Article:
Owners with apartments or houses to rent advertised in the Classified columns. Out-of- town owners made rental deals through friends, family and referrals. Change came to the rental outlook after Les Otten started building condos at Sunday River. Local people bought Sunday River condos to gain rental income from them. However, Sunday River was their rental agent in the same way as the Bethel Inn was their condo owners’ rental agent. But, increasingly ski families were looking for a house to rent seasonally or for vacation weeks. The chamber of commerce received enough rental inquiries to convince the chamber board to open a rental desk which would also produce income from commissions. Rangeley and Sugarloaf’s chambers followed suit, although Rangeley’s prime market was summer camps and snowmobilers.
In 1989 Bethel Town Manager Rodney Lynch in his annual report wrote, “the recreation, tourism and service industries and the educational sectors of our economy have made tremendous gains and we are rapidly becoming dependent on them as the mainstay of the area’s economy.”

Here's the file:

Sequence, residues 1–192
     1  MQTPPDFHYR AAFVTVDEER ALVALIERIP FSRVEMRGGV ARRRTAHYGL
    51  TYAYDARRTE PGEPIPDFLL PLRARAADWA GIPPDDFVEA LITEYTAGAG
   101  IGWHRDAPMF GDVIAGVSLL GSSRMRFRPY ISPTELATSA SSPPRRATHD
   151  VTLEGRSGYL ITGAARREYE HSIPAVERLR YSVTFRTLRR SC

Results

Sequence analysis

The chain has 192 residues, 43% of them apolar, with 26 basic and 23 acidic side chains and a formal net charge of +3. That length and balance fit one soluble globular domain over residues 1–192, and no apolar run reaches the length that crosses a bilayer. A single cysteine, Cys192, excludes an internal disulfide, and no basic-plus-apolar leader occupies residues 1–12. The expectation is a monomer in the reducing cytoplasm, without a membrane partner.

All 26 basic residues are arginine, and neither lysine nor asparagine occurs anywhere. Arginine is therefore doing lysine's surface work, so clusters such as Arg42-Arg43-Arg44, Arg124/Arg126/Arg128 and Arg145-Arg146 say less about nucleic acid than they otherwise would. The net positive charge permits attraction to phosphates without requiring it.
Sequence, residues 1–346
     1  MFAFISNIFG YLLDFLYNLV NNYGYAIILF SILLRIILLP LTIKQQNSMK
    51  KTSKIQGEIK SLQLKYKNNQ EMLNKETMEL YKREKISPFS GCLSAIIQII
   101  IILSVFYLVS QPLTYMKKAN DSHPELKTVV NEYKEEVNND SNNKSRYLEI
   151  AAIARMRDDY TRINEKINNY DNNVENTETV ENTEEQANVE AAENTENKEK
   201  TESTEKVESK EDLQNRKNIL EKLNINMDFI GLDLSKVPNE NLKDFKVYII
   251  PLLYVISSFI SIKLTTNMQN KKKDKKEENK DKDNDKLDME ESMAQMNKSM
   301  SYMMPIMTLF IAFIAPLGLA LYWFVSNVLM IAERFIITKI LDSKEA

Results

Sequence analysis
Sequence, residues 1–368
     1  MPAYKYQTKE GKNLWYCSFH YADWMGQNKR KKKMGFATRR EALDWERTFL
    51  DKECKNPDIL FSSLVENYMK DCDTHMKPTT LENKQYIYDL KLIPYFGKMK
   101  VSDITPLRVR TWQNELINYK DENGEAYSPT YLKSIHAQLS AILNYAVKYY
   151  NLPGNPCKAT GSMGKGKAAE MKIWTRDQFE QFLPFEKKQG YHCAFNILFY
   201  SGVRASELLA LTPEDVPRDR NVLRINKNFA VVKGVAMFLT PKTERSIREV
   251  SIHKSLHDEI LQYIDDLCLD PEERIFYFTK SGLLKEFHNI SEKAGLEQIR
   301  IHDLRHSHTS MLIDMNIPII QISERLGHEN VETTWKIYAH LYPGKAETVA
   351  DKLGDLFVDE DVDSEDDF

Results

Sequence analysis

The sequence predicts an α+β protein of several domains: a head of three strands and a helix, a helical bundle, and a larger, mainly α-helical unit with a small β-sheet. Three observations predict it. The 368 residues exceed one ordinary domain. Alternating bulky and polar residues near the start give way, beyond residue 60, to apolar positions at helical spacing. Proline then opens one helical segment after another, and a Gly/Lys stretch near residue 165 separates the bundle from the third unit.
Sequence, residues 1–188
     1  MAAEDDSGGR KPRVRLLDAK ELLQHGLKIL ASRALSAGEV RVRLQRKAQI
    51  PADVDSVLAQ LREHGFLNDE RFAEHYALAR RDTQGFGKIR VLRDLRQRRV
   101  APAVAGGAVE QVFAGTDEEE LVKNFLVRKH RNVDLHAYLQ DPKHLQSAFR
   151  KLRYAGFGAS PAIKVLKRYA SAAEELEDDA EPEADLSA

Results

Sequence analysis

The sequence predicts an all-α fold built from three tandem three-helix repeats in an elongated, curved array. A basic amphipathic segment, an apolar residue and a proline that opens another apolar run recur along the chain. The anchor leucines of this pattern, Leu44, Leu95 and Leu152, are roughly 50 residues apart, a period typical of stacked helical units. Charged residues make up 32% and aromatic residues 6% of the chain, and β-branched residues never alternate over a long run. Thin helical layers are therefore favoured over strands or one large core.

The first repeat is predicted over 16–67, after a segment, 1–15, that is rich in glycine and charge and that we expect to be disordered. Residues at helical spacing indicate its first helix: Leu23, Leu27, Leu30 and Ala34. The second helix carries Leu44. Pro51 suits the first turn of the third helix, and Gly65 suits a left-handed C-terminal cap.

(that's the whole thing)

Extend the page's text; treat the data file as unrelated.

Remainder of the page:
Seasonal rentals have caused the more or less invisible “service industry” revenue to noticeably grow. This has happened in four areas: commission income, cleaning, maintenance and security. In other words, we see the rental office and we see the office staff but we don’t see the people hired to clean houses, mow lawns, plow snow, etc. Mountain River Property Management is one of a few visible commercial businesses that advertise in the Citizen. Many other small property service providers work behind the scenes taking care of jobs passed to them by the real estate or rental office staff. For instance, Mahoosuc Rentals has a partnership arrangement with Northern Home Care of Andover for all property services including cleaning, maintenance and even property upgrades. Businesses like these are the ones which substantiate Mr. Lynch’s views of 21 years ago.